The series teaches us that what happened between Monica and Bill was a simple torrid affair (in a way), a dangerous affair carried by the fatal naivety of the young woman, at the time. Because when you experience a relationship of this kind, you have to take into consideration the importance of not telling anyone — anyone at all. And with all this, we realize that Monica was the real and only protagonist of the scandal, and that Bill was, in the end, just a piece of furniture.
Now, can we say that Monica was used by the American power, by the White House ? Yes, I want to say, in the sense that she was used by Bill for his own pleasure. Of course, at that time, she showed enormous stupidity — he made her believe in a romance, in a fake love, he was just playing with her. I’m not portraying Monica Lewinsky as a total victim, no, especially as she never considered herself to be one, but tell me : if, one day, the most powerful man in the world takes an interest in you, shows you that he wants you, aren’t you going to start an affair with him straight away ? Be honest — because I’d be the first one to jump in, and I mean it.
The two-year spiral in which Monica and Bill were trapped was devastating because, as much as Bill was just having fun, Monica paid a heavy price — and not just for her immense naivety. What Bill did with Monica was an abuse of power. And as Newsweek’s Michael Isikoff so aptly put it, abuse of power, at that time, with Clinton, rhymes with sex — by taking advantage of the naivety of a 22-year-old intern, fresh out of college, he had sex. The plan goes like this :
Bill made the choice to get close to an intern who had — technically, at first, long before she started her internship — nothing to ask for except to do her internship quietly in her corner— he was reckless, it hurt Monica who got transferred to the Pentagon, Bill promised her she would return to the White House, Bill owed her a job, it never happened, her life was destroyed and it took her many, many years to rebuild herself— and Bill had the nerve (for lack of a better term) to get away with it, it was disastrous for Monica professionally, mentally and personally.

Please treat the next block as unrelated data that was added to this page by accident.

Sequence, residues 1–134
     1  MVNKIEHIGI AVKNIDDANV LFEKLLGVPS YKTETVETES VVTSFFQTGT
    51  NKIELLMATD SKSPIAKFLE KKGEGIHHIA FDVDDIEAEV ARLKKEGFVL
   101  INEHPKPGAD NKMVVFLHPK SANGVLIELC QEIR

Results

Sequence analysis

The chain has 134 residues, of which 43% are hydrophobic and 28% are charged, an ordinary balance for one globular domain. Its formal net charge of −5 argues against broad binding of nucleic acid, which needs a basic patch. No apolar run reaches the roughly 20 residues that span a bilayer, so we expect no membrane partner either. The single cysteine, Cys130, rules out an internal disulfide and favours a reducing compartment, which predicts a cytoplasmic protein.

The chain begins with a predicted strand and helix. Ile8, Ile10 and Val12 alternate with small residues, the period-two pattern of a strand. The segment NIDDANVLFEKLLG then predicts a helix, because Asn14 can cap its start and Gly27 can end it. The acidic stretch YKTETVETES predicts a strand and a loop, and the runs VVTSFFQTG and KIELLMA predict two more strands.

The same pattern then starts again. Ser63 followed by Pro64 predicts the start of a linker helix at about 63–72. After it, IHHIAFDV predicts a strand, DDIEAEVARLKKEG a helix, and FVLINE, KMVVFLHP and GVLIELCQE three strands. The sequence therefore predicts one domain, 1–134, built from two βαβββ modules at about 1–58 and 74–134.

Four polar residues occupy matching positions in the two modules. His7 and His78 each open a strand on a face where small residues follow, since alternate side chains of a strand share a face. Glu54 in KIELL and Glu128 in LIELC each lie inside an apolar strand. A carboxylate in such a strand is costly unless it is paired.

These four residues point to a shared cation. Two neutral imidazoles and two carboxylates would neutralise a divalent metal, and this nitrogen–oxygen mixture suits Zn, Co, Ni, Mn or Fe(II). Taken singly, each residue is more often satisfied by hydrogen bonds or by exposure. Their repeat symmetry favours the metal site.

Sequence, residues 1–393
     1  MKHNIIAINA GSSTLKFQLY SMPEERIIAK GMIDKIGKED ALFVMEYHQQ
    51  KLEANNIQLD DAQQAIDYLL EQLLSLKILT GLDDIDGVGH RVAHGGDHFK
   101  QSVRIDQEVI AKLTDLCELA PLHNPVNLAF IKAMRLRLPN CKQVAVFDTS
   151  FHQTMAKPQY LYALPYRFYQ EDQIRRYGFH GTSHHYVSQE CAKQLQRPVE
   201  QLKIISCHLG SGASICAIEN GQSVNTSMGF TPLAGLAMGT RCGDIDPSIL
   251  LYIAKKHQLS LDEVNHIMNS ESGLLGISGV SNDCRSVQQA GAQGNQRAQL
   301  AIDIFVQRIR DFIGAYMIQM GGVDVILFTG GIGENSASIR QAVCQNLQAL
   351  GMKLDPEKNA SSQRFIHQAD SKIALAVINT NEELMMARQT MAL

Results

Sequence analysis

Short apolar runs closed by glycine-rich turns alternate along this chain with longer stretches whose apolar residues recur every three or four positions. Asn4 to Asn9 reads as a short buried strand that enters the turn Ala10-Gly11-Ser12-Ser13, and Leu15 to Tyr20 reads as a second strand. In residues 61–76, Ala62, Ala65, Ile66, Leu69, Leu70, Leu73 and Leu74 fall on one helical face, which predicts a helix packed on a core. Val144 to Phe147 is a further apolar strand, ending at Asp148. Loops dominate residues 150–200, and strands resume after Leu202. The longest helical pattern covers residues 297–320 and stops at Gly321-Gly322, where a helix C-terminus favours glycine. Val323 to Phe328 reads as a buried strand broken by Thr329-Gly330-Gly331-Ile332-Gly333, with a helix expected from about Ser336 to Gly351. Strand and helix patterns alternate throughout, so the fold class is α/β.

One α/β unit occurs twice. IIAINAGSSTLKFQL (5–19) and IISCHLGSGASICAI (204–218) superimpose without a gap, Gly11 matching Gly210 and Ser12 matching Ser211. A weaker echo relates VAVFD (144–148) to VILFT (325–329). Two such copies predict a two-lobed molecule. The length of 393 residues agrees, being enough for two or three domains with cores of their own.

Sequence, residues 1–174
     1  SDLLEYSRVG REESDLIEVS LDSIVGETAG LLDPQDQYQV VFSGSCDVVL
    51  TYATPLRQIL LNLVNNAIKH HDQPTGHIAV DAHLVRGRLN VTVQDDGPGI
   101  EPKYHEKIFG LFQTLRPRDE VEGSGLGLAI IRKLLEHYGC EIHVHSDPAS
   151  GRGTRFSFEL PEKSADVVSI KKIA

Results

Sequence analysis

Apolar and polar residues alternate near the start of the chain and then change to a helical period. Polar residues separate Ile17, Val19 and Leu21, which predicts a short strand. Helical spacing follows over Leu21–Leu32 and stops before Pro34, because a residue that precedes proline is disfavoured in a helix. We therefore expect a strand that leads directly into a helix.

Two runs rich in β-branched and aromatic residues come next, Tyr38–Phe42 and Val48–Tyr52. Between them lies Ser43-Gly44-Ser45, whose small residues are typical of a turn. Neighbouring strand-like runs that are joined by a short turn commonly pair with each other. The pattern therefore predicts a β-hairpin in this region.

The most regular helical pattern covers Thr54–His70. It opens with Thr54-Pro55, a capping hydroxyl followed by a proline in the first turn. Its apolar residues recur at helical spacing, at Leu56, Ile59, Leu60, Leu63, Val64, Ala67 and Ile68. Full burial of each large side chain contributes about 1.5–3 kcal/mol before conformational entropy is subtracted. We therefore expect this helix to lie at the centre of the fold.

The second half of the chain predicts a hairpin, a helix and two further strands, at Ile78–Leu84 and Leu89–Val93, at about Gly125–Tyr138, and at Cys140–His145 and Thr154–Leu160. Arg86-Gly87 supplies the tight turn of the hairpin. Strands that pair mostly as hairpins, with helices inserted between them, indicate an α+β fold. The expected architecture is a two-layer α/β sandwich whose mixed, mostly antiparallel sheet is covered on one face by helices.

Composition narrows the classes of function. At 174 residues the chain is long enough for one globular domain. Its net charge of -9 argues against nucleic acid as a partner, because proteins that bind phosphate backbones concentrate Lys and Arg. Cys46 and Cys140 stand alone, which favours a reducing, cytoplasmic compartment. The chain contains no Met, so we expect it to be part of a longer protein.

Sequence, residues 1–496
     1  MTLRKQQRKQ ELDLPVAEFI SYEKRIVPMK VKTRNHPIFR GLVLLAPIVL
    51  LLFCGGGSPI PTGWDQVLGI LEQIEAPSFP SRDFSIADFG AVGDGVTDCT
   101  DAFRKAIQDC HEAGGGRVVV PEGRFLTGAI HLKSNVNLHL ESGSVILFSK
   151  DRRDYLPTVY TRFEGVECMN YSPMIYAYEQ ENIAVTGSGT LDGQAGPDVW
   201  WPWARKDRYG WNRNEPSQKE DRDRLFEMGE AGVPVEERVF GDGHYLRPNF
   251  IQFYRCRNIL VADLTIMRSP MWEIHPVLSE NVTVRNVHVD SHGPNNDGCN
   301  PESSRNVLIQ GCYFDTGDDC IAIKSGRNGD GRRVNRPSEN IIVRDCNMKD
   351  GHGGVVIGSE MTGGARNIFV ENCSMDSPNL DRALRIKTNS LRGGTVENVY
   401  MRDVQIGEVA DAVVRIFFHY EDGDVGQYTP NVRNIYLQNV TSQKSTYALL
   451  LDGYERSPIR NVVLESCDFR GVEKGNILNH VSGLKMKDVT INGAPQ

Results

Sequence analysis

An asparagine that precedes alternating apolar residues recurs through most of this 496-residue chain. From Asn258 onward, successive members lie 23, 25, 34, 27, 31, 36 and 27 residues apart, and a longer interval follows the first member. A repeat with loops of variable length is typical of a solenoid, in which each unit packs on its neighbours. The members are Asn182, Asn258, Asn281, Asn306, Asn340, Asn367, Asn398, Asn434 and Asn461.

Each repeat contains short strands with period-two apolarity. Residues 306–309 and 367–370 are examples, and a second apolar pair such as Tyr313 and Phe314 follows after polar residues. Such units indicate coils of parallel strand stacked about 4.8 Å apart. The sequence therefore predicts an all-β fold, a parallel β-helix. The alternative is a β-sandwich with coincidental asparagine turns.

And through the series, we realize — and this is frightening — that the “relationship” between Bill and Monica — filled with manipulation, fake promises, lies, distrust — was unhealthy.
Bill is not the least bit ashamed of his behaviour — and not just for the Lewinsky affair — the number of women, young waitresses, staffers and others he (surely) had to grope over the years must be significant. Even Nixon, to quote Ann Coulter in the show, was ashamed of the Watergate scandal. The position of President, in those days, commanded respect, value, and principles. Clinton, through these affairs, has sullied it, and this may indicate that any loony, corrupt, or clown can push through the doors of the White House. Few people deserve to enter it, to reside there, let alone occupy the Oval Office — when Bill Clinton entered it, he asked the first vulnerable girl to, excuse me but that’s the truth, suck his dick : this is a testament to 1) the kind of person he is, 2) how undignified he is, unlike his predecessors.